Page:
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De Broglie wavelength question

  1. Jun 8, 2006 #1
    I have been instructed to calculate the de Broglie wavelength of a proton moving at 1) 2 x 10^4 m/s and 2) 2 x 10^7 m/s

    For the first velocity, the particle is not relativistic, but for the second velocity the particle is.

    can someone explain to me what makes velocity 2 relativistic?
  2. jcsd
  3. Jun 8, 2006 #2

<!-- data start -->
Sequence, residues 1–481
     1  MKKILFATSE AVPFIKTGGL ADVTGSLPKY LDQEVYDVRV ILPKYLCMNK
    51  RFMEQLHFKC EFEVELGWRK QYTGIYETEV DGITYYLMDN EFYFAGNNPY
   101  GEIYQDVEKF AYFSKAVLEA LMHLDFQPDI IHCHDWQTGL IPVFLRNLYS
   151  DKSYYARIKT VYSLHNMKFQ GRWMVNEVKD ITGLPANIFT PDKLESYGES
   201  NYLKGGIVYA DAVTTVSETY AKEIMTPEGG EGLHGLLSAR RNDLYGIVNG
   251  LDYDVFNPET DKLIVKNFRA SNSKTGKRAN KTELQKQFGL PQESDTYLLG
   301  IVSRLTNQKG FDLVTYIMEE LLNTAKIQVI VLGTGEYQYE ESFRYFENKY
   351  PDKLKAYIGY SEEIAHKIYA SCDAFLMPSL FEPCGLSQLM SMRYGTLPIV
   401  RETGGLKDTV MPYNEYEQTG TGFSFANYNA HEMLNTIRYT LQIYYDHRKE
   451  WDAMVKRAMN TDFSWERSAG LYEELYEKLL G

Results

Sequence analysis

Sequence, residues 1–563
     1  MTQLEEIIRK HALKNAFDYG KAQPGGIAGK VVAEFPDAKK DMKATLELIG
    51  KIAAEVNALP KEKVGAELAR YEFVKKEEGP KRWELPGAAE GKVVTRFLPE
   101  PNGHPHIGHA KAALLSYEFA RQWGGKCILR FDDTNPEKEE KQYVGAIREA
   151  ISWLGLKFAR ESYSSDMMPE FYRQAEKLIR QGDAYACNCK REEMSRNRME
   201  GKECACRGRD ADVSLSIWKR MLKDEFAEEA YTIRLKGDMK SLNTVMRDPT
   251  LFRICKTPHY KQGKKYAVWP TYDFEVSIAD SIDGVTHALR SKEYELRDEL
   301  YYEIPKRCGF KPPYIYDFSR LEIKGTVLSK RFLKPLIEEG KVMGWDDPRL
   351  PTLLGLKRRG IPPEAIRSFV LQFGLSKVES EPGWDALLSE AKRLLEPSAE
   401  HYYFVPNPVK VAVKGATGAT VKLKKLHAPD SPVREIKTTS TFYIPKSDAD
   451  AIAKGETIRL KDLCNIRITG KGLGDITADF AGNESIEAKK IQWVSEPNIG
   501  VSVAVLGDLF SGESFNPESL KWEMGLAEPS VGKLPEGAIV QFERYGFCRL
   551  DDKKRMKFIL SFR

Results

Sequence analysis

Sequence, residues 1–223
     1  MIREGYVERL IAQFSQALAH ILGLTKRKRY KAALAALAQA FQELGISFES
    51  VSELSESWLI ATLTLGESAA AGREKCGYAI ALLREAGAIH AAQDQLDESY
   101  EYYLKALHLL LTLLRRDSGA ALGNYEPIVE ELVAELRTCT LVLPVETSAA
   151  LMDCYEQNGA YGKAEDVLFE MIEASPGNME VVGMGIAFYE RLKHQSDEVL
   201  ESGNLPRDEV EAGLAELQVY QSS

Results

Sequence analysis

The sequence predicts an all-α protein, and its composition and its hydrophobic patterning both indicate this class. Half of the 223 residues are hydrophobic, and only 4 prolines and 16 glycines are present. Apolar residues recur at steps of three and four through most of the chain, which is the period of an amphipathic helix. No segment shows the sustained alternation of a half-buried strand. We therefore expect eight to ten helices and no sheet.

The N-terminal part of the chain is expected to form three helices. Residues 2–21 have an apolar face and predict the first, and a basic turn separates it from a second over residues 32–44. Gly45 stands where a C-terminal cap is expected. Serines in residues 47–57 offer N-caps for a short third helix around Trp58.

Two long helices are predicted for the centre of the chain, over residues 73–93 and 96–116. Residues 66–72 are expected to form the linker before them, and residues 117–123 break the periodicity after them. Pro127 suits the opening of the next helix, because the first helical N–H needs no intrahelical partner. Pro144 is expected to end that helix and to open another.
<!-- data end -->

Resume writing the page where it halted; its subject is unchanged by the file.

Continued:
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    Staff Emeritus
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    Its a significant fraction of the speed of light basically. velocity 2 is approx. 7% the speed of light while the first is 0.007%.
  4. Jun 8, 2006 #3
    ah I see, is there a set percentage that makes a velocity relativistic?
  5. Jun 8, 2006 #4


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    To be Truthful, ANY nonzero velocity is relativistic ...
    but the factor gamma (1/sqrt(1-beta^2)) is CLOSE to 1
    for small beta ...
    if beta = v/c = 50 %, for example, then gamma = 1.15 ...
    you might be off by 15% if you calculated non-relativistically.
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